Lil Wayne Says He “Doesn’t Know What Racism Is” After A Cop Approaches Him

The narrative within the Hip Hop community is that cops are often viewed as an adversary, as opposed to a helping hand, but that’s what make this rapper’s comments so astounding.

Pop culture phenomenon, Lil’ Wayne, gave an interview recently during which he told a story that shaped his views on police and racism in America.

Much to the shock of his own fans, the Hip Hop superstar discussed the event in his life that to this day does not allow him to even “know what racism is.”


Fans of his know this, but one day, at 12 years old, Dwayne Michael Carter Jr. (Lil’ Wayne) had been handling a gun and accidentally shot himself in the chest, missing his heart by millimeters. The little boy laid there on the floor, bleeding out as he stared out the window, alone.

Then, according to the artist, squad cars showed up, and “police knocked on the door,” but they weren’t interested in helping the kid on the floor.


“I was right there. They knocked the door down. Everybody jumped over my body to go get the guns, and drugs, and whatever they could find,” he said.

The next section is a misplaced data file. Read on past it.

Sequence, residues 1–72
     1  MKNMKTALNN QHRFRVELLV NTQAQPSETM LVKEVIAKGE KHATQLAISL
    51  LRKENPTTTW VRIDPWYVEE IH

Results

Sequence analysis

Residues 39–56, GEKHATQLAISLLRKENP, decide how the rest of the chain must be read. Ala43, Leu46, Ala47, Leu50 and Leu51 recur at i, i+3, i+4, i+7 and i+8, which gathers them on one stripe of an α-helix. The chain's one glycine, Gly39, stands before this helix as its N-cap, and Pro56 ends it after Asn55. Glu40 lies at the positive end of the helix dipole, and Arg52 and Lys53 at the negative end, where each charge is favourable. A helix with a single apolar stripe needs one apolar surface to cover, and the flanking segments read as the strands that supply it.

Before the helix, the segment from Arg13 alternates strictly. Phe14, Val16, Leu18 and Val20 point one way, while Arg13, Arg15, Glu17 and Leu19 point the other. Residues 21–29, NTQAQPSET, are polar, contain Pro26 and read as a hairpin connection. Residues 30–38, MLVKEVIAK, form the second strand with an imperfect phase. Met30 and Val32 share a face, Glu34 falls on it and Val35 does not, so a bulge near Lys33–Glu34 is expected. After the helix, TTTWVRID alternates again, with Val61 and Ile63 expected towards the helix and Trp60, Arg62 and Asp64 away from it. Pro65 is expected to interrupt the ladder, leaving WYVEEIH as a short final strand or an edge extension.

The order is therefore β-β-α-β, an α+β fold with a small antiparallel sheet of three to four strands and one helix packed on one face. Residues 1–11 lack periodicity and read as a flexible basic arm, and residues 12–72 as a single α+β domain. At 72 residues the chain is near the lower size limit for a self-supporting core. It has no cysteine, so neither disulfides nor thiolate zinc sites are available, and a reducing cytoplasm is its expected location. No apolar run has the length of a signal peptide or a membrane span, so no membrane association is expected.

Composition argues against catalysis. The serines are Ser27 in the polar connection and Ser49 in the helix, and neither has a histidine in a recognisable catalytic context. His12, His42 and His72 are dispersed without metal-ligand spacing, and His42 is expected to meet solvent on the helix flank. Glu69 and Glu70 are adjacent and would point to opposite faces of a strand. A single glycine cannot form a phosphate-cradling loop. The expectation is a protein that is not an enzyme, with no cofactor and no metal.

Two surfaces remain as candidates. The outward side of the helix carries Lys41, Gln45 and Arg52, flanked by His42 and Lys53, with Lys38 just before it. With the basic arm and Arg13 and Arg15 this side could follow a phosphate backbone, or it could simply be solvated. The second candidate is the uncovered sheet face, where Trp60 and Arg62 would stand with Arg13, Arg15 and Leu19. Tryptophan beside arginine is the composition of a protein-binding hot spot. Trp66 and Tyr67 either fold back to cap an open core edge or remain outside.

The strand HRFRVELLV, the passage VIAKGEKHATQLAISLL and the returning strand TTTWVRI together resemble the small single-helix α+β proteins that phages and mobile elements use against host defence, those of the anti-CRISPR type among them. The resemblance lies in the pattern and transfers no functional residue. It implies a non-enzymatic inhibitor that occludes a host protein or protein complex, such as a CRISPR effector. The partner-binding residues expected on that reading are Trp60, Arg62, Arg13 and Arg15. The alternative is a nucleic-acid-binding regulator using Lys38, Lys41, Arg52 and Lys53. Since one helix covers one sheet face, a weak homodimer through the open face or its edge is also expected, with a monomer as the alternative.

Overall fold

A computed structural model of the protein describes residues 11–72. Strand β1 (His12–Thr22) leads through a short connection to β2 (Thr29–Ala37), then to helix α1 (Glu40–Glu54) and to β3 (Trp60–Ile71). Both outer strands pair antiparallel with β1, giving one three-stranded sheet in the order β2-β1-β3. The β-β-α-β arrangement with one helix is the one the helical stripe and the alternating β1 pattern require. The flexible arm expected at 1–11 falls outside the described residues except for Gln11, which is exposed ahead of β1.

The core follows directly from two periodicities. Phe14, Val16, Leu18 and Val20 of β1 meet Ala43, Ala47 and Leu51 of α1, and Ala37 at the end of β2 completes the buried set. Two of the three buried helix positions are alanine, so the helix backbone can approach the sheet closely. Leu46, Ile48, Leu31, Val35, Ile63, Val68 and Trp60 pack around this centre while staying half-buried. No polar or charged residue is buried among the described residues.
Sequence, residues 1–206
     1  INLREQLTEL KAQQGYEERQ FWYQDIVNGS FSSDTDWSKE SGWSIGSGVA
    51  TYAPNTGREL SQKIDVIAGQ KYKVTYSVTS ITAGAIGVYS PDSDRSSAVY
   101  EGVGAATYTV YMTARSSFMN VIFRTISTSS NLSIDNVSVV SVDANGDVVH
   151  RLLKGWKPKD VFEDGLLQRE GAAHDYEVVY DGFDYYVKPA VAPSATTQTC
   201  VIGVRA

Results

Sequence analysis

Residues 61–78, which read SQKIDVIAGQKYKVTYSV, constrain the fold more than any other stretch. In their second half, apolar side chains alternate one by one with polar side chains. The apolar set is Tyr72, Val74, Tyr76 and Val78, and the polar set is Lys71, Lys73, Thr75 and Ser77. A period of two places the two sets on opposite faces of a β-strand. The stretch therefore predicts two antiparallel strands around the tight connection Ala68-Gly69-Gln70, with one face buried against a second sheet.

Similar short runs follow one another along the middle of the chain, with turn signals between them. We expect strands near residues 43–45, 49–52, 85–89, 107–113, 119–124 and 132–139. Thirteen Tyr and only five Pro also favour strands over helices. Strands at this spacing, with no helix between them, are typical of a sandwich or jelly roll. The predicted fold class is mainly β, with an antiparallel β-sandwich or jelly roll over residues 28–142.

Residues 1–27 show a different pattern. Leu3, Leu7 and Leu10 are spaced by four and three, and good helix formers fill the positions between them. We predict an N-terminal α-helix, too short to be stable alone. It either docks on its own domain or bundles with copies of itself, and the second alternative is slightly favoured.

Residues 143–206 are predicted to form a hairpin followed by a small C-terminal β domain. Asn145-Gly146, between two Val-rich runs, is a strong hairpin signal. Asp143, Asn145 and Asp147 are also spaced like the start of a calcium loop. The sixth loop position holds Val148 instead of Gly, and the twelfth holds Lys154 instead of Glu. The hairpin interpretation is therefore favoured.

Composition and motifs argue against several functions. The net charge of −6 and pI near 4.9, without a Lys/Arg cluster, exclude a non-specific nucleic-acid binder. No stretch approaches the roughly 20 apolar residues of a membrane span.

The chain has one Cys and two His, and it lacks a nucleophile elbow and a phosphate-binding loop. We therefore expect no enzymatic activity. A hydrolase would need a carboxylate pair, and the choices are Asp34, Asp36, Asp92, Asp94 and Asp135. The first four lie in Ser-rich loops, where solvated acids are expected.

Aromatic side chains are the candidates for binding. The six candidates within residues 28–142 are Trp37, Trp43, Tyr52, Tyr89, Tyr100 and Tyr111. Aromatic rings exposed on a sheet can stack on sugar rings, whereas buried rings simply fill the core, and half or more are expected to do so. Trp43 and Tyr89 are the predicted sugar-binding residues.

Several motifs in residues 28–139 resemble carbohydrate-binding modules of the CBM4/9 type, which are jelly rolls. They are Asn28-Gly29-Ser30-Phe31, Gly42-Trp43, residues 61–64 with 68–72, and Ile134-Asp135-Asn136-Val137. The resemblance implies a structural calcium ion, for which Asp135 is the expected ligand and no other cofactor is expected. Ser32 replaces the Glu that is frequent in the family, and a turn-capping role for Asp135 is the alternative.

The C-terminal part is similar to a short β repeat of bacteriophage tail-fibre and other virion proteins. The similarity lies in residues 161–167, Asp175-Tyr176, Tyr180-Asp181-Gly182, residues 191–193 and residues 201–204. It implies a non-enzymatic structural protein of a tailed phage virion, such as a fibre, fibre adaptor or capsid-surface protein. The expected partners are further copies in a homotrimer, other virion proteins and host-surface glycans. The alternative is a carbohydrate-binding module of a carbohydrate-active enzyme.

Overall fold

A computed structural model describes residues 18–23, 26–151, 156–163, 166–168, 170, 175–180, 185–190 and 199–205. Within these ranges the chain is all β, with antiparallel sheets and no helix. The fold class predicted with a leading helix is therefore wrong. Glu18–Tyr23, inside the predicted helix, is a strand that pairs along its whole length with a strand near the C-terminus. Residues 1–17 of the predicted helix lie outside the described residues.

While seizing “guns and drugs” are part of the job, things look a little different to a dying 12-year old. Today’s narrative about police in the black community would have you believe that a bunch of white officers overlooked a black kid with a gunshot wound, but Mr. Carter is quick to point out that the cops “who hopped over were blacker than me.”


Fortunately for the artist affectionately referred to as “Weezy”, an officer “white as snow” showed up to save the young artist’s life.

“He picked me up, brought me to the hospital. He didn’t drop me off at the ambulance and say ‘you take him,’ he brought me to the hospital room, and stood there and waited until the doctor said ‘he’s gonna make it.'”

Officer Robert Hoobler


Lil’ Wayne Tells Story Of White Cop Who Saved His Life

The multi-platinum artist has a hard time understanding the race issue in our country, because, as he says, “my life was saved by a white man… I don’t know what racism is. I know a good [guy] named Uncle Bob, though.”

The media does a good job of pushing police misconduct to the top of the newsfeed, but we know that the majority of police officers are great people only looking to help their communities they serve.